This is a rush transcript from "The Big Story With John Gibson and Heather Nauert," October 2, 2007. This copy may not be in its final form and may be updated.
HEATHER NAUERT, "BIG STORY" CO-HOST: It is the "Big Outrage" tonight. San Francisco apparently is not the only city in California to turn its back on our brave Marines.
JOHN GIBSON, "BIG STORY" CO-HOST: Marines returning home from the war in Iraq a few days ago had several layovers before they reached home base way out in Hawaii. There were all treated well at every stop — every stop except Oakland, California, where they were not even allowed to use the bathroom. "Big Story" correspondent Douglas Kennedy has been investigating this appalling reception of our men and women from the U.S. military.
DOUGLAS KENNEDY, "BIG STORY" CORRESPONDENT: Yes, John, they did not have a bathroom, but more importantly, they were separated from their friends and family. Now, some members of Congress are involved, claiming it is no way to welcome our soldiers home.
KENNEDY (VOICE-OVER): It is a moment most soldiers can't stop thinking about: being back in America and in the arms of a loved one. But it was a moment denied to 200 soldiers returning home from combat missions in Iraq when they landed at Oakland International Airport.
REP. JOHN MICA, R-FLA.: I thought it was a real slap in the face to our troops.
KENNEDY: Last Thursday, the Hawaii-based Marines touched down in Oakland for a three-hour layover on their way back to Honolulu from Iraq. Many had friends and family waiting to greet them, while some simply wanted to get a taste of America inside the passenger terminal. Others just needed to use the bathroom. But airport officials told them no.
John Mica is a Congressman from Florida who sits on the House Committee on Transportation and Infrastructure:
MICA: We want to greet our troops and thank them for their service, not treat them as if they were someone who was diseased.
KENNEDY: In fact, the soldiers say they stood for hours outside in the back of the terminal, where the airport stows extra baggage. They say they had no food, no bathroom, and no place to sit down.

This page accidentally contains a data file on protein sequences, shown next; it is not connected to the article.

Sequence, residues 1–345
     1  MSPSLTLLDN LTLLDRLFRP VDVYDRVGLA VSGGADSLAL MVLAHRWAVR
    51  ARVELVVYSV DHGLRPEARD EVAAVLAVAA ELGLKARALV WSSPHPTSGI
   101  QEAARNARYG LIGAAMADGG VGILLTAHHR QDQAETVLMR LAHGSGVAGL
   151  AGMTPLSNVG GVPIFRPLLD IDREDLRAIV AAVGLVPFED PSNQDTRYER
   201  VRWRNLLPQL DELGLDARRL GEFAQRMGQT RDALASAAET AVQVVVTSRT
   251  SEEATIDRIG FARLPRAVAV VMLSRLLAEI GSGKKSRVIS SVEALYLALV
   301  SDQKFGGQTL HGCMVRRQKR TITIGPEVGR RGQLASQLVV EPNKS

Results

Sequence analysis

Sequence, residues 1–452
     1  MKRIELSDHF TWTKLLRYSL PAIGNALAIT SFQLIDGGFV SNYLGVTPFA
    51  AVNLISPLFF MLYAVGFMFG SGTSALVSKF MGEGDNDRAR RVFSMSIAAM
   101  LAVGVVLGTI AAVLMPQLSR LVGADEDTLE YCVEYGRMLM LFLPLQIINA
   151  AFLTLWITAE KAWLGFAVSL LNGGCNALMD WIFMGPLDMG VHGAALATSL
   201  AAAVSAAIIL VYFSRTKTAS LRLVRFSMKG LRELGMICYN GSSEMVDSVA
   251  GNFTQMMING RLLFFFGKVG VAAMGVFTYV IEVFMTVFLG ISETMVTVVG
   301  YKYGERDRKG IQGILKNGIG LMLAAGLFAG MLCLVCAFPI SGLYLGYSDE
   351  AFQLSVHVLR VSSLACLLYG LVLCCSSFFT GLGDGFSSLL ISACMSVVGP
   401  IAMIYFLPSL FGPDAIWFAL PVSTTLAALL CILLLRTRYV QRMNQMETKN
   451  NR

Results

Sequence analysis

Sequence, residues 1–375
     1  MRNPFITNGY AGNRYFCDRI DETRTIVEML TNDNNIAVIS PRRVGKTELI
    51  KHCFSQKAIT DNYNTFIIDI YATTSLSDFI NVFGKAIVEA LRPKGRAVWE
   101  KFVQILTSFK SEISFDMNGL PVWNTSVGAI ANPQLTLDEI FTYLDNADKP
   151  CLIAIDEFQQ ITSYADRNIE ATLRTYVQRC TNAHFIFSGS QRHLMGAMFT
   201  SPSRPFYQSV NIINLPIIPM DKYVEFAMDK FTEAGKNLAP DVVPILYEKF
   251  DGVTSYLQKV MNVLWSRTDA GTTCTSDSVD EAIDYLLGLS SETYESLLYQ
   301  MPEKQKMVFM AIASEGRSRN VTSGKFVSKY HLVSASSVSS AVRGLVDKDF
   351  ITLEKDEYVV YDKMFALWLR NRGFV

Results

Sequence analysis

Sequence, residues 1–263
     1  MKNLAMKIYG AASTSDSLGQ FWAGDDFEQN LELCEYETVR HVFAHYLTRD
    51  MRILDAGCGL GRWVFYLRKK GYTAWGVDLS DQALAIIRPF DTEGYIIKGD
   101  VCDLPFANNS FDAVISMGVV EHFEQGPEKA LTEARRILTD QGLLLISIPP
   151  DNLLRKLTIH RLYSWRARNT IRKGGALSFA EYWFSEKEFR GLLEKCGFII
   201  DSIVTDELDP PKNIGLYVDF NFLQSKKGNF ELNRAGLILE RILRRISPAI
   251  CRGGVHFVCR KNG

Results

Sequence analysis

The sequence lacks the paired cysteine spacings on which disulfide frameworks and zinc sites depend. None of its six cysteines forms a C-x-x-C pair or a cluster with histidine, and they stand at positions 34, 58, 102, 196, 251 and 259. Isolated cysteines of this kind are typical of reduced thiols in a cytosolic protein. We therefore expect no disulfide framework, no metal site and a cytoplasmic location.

Airport officials call it a miscommunication: "Here at Oakland, we need to make sure the passengers who come into our terminals have been screened per TSA standards."
But the soldiers say they had already been screened by customs and other airports, like JFK, routinely allow returning soldiers full access to the terminals and their families.
Mica says this is not the first time it has happened at Oakland, and he is calling for an official investigation.
MICA: We have asked the inspector general of the Department of Transportation to conduct a full investigation to see, again, why these troops who are returning from combat, who had passed customs, passed immigration, passed security, were not allowed the common courtesy of entering the terminal like any other citizen would.
KENNEDY: Mica says all airports need to make sure U.S. soldiers have access to all services. He says if airport procedures are the problem, John and Heather, the procedures need to be changed.
GIBSON: Go ahead, Heather.
NAUERT: They actually thought that our troops might have been a security threat?
KENNEDY: Yes, you know, sometimes these airplanes come in with guns, but the soldiers always leave them on the plane.
NAUERT: But those are stowed away. I mean, John and I have both seen at Dallas Airport before — you have troops coming off the planes, people, including TSA, are applauding and crying when these men and women get off the plane.
KENNEDY: That's the thing about it, and this is only happening at Oakland International Airport. So it's a problem with the airport.
GIBSON: A slap in the face for troops. Is this a Bay Area here we go again? I mean, there is a little history of this happening.
KENNEDY: You know, this is, as I said, only happening at this one airport. This is not San Francisco International.
GIBSON: No, it's Oakland.
KENNEDY: Yes, it's Oakland. But it's problems with this particular airport.
GIBSON: The Bay Area secondary airport, known as Oakland.
KENNEDY: I want to leave that one to you, John.
NAUERT: Yes, we have a history of these things going on here. Douglas Kennedy, thanks a lot.
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